He wrote me: coming back through the Chiba coast I thought of Shonagon's list, of all those signs one has only to name to quicken the heart, just name. To us, a sun is not quite a sun unless it's radiant, and a spring not quite a spring unless it is limpid. Here to place adjectives would be so rude as leaving price tags on purchases. Japanese poetry never modifies. There is a way of saying boat, rock, mist, frog, crow, hail, heron, chrysanthemum, that includes them all. Newspapers have been filled recently with the story of a man from Nagoya. The woman he loved died last year and he drowned himself in work—Japanese style—like a madman. It seems he even made an important discovery in electronics. And then in the month of May he killed himself. They say he could not stand hearing the word 'Spring.'
He described me his reunion with Tokyo: like a cat who has come home from vacation in his basket immediately starts to inspect familiar places. He ran off to see if everything was where it should be: the Ginza owl, the Shimbashi locomotive, the temple of the fox at the top of the Mitsukoshi department store, which he found invaded by little girls and rock singers. He was told that it was now little girls who made and unmade stars; the producers shuddered before them. He was told that a disfigured woman took off her mask in front of passers-by and scratched them if they did not find her beautiful. Everything interested him. He who didn't give a damn if the Dodgers won the pennant or about the results of the Daily Double asked feverishly how Chiyonofuji had done in the last sumo tournament. He asked for news of the imperial family, of the crown prince, of the oldest mobster in Tokyo who appears regularly on television to teach goodness to children. These simple joys he had never felt: of returning to a country, a house, a family home. But twelve million anonymous inhabitants could supply him with them.
He wrote: Tokyo is a city crisscrossed by trains, tied together with electric wire she shows her veins. They say that television makes her people illiterate; as for me, I've never seen so many people reading in the streets. Perhaps they read only in the street, or perhaps they just pretend to read—these yellow men. I make my appointments at Kinokuniya, the big bookshop in Shinjuku. The graphic genius that allowed the Japanese to invent CinemaScope ten centuries before the movies compensates a little for the sad fate of the comic strip heroines, victims of heartless story writers and of castrating censorship. Sometimes they escape, and you find them again on the walls. The entire city is a comic strip; it's Planet Manga. How can one fail to recognize the statuary that goes from plasticized baroque to Stalin central? And the giant faces with eyes that weigh down on the comic book readers, pictures bigger than people, voyeurizing the voyeurs.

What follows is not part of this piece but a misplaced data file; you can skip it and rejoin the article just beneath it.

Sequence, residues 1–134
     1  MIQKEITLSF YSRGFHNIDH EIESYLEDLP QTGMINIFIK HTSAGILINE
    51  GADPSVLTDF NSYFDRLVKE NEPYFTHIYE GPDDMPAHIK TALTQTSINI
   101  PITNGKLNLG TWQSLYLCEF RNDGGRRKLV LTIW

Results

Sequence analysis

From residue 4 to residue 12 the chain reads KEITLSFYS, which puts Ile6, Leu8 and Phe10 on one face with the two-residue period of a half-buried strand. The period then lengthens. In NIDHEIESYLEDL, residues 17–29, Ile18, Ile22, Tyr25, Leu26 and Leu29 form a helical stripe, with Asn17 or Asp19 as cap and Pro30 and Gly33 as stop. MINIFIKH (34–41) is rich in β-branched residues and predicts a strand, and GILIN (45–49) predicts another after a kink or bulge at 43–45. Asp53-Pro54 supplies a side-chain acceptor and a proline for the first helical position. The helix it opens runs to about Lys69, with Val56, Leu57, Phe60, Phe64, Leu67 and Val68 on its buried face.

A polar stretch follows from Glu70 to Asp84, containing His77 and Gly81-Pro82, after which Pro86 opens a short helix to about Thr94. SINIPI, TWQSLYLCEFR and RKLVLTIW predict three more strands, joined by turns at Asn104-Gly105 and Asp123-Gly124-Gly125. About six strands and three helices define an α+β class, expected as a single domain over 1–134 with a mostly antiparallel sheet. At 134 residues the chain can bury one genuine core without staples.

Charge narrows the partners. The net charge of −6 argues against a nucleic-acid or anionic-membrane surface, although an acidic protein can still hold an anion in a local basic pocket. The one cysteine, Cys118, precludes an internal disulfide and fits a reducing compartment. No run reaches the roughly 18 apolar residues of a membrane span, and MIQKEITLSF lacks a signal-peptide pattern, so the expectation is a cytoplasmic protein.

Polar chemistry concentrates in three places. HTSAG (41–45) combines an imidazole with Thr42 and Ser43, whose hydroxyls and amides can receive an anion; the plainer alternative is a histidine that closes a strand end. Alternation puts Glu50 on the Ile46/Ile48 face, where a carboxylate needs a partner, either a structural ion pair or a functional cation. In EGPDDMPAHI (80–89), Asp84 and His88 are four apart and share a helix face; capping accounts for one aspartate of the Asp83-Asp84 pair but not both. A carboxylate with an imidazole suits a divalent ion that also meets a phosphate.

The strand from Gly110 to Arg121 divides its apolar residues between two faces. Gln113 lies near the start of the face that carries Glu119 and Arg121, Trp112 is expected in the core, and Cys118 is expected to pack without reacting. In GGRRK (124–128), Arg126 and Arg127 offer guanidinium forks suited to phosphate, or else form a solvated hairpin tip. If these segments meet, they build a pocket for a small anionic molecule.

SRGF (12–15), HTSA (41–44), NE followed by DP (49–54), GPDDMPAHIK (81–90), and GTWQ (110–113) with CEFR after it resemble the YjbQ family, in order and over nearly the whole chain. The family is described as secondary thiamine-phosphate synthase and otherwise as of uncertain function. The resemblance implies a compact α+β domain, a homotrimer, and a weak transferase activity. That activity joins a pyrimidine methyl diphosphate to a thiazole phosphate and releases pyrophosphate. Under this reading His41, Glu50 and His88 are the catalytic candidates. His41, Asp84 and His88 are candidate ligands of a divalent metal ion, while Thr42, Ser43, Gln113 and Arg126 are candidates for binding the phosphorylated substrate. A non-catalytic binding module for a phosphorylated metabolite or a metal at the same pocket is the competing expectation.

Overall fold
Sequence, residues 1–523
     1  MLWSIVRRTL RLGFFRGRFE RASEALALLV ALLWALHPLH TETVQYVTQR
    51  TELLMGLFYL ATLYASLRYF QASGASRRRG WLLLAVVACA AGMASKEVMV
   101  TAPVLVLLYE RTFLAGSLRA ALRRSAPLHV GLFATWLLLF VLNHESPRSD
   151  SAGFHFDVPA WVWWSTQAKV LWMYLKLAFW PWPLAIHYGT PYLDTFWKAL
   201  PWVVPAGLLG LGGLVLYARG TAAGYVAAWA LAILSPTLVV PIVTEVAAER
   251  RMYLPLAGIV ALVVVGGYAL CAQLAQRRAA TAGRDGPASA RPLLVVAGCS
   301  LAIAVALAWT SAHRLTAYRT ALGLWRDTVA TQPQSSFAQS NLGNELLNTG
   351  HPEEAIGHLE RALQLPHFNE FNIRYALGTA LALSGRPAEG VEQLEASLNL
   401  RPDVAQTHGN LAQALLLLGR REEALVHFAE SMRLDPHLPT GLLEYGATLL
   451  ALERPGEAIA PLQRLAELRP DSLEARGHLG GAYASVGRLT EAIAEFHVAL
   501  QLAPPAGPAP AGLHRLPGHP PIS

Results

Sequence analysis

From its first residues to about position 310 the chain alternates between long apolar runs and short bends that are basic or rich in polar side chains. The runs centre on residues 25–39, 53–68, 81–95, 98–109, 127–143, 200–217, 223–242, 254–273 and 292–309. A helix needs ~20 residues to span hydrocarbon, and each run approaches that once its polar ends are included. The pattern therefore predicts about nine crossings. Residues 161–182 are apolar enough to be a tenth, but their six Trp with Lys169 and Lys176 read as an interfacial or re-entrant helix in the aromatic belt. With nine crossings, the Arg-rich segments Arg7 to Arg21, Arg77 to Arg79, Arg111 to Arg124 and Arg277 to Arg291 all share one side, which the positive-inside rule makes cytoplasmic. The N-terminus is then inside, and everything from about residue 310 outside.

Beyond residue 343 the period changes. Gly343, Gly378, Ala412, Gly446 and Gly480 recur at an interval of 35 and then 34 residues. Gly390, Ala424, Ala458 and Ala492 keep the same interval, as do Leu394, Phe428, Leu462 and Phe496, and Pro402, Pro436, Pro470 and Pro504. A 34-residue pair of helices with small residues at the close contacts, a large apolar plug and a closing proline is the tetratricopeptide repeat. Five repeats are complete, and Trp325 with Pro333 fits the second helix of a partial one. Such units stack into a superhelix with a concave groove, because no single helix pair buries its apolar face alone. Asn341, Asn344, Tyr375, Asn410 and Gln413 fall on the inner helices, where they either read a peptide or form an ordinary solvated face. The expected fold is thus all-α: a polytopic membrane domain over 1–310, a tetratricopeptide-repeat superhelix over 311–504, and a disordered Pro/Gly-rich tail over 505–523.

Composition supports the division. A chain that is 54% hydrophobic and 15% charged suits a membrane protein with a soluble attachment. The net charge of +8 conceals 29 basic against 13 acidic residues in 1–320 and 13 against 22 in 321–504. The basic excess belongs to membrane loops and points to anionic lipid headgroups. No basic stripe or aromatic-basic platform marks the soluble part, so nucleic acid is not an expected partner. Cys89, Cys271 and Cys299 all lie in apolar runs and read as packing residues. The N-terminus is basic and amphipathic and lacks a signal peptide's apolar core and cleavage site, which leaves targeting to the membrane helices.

At nightfall the megalopolis breaks down into villages, with its country cemeteries in the shadow of banks, with its stations and temples. Each district of Tokyo once again becomes a tidy ingenuous little town, nestling amongst the skyscrapers.
The small bar in Shinjuku reminded him of that Indian flute whose sound can only be heard by whomever is playing it. He might have cried out if it was in aGodard film or a Shakespeare play, “Where should this music be?”
Later he told me he had eaten at the restaurant in Nishi-nippori where Mr. Yamada practices the difficult art of 'action cooking.' He said that by watching carefully Mr. Yamada's gestures and his way of mixing the ingredients one could meditate usefully on certain fundamental concepts common to painting, philosophy, and karate. He claimed that Mr. Yamada possessed in his humble way the essence of style, and consequently that it was up to him to use his invisible brush to write upon this first day in Tokyo the words 'the end.'
I've spent the day in front of my TV set—that memory box. I was inNara with the sacred deers. I was taking a picture without knowing that in the 15th century Basho had written: “The willow sees the heron's image... upside down.”
The commercial becomes a kind of haiku to the eye, used to Western atrocities in this field; not understanding obviously adds to the pleasure. For one slightly hallucinatory moment I had the impression that I spoke Japanese, but it was a cultural program on NHK about Gérard de Nerval.